Captain Frank Buell would survive his term with the 18th Ohio but would not survive the war. In the summer of 1861, he set about recruiting an artillery battery that went into service as Battery C of the 1st West Virginia Light Artillery. The battery saw much service in the Shenandoah Valley and was engaged in active operations at Freeman’s Ford in Fauquier County, Virginia on August 22, 1862 when Captain Buell lost his life. “Captain Buell was covering the retreat of General Buell’s army and held position on the east bank of the Rappahannock River. It was in this position that he fell. He was on horseback and a shell passed through his horse, killing the horse instantly, and causing his own death a few hours later. Shells had passed under and above him, showing that he on his light-colored horse was a conspicuous mark in full view of the enemy at which the enemy was taking deliberate aim. He refused, however, to dismount or change his position on the field,” Williams noted. William Jenvey, a member of the battery, saw the fatal shot and explained what happened. "A shell struck his horse in the shoulder and, passing through, broke his left leg. So suddenly did the horse fall that the captain, unable to extricate himself, was thrown violently forward as the horse fell backward, injuring the captain internally," Jenvey wrote. "I was watching him as he fell. It appeared as if the grave had suddenly yawned wide."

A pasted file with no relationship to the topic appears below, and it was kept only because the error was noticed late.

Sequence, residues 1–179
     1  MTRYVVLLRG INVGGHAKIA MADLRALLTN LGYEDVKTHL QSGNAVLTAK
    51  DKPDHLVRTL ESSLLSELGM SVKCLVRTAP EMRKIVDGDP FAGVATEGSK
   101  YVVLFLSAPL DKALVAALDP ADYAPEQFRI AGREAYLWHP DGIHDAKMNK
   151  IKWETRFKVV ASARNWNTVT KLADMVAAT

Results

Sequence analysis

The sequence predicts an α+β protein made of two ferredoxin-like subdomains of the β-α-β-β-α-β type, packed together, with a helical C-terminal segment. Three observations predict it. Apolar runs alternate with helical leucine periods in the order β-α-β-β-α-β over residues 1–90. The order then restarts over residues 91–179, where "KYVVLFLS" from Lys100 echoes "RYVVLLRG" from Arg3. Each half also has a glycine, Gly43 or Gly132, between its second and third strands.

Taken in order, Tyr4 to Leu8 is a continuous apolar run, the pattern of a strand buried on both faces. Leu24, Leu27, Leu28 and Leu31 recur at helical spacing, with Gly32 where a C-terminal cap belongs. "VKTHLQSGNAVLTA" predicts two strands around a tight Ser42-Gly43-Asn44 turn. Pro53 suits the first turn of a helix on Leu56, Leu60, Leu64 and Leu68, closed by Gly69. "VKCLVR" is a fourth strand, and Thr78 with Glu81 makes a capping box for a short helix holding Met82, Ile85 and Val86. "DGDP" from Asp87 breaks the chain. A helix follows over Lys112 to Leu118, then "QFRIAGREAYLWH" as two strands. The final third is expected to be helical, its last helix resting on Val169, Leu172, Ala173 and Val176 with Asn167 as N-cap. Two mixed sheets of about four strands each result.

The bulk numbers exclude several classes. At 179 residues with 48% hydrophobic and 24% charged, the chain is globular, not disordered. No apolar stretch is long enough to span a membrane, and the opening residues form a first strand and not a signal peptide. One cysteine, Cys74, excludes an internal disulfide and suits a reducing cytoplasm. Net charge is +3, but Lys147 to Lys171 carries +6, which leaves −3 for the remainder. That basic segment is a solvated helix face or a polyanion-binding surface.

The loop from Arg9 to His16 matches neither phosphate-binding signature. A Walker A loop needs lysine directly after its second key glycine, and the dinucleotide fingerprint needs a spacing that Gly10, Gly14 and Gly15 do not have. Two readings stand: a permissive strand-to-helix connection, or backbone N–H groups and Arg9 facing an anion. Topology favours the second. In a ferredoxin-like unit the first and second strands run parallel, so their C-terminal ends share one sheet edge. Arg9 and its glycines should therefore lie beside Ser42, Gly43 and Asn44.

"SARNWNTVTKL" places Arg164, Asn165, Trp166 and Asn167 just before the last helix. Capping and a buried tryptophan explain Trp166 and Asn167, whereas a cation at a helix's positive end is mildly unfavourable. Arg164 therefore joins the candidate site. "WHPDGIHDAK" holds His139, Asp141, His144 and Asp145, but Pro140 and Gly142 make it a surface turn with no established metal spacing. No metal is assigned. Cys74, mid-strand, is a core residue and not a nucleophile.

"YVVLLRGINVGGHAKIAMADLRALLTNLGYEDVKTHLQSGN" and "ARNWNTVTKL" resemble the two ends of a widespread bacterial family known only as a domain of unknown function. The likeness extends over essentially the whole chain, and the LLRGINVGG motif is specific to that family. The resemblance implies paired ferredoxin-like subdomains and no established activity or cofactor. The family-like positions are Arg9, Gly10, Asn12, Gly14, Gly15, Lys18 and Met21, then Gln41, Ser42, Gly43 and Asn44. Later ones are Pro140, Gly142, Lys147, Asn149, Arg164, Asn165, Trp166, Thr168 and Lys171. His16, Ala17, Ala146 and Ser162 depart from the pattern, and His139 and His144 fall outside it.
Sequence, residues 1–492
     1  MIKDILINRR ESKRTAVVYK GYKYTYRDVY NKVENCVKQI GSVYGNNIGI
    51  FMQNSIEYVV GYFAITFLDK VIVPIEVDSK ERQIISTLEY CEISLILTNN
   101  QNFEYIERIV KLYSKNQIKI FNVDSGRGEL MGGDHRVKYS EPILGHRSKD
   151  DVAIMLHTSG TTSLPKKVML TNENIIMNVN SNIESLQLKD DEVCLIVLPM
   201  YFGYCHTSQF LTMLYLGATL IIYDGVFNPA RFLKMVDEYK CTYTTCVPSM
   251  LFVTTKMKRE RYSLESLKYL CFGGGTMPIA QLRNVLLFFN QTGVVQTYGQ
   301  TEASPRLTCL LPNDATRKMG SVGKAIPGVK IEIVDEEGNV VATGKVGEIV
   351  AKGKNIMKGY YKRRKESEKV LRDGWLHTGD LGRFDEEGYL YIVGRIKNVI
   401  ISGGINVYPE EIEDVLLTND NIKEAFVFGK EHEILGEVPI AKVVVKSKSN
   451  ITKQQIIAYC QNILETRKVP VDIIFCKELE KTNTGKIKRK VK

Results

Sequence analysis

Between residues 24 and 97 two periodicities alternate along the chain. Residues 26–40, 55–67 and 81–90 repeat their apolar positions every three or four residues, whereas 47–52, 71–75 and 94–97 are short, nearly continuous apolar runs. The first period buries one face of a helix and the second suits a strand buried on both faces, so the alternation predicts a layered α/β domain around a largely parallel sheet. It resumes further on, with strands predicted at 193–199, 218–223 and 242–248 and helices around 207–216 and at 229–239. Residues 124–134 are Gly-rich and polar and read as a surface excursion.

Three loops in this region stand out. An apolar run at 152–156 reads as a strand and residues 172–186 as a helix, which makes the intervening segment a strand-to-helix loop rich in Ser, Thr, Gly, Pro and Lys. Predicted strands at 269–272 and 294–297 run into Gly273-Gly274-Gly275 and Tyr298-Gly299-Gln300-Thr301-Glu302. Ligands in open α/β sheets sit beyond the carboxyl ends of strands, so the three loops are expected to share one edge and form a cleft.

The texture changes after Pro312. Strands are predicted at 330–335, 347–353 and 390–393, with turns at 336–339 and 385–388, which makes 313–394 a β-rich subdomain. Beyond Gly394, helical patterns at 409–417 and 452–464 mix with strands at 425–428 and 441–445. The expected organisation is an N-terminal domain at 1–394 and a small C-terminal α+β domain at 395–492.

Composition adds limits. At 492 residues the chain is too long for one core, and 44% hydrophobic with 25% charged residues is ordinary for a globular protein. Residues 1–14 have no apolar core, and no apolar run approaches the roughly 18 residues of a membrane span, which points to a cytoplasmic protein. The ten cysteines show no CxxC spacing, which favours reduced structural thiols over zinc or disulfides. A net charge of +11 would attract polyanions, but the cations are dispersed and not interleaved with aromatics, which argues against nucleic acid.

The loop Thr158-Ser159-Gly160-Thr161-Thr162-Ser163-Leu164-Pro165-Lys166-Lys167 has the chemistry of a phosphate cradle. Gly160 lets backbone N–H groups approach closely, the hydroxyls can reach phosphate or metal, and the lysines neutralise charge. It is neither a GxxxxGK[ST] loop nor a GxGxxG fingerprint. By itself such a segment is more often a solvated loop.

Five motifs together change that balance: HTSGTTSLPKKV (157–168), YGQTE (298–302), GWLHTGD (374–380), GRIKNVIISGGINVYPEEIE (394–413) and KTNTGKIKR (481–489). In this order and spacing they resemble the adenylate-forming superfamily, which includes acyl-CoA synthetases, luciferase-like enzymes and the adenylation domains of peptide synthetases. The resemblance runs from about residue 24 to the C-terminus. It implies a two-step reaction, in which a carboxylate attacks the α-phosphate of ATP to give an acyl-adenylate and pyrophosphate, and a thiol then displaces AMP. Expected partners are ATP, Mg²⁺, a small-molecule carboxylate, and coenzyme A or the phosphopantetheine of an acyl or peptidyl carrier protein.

It is ironic that Captain Buell died just a few miles from where his mother had grown up in Virginia.

 

Sources:

William, H.Z. History of Washington County, Ohio with Illustrations and Biographical Sketches. Cleveland: W.W. Williams, 1881, pgs. 146-147, 179, 247-248

History of the First Congregational Church of Marietta, Ohio

Find-a-grave entry for Captain Franklin Buell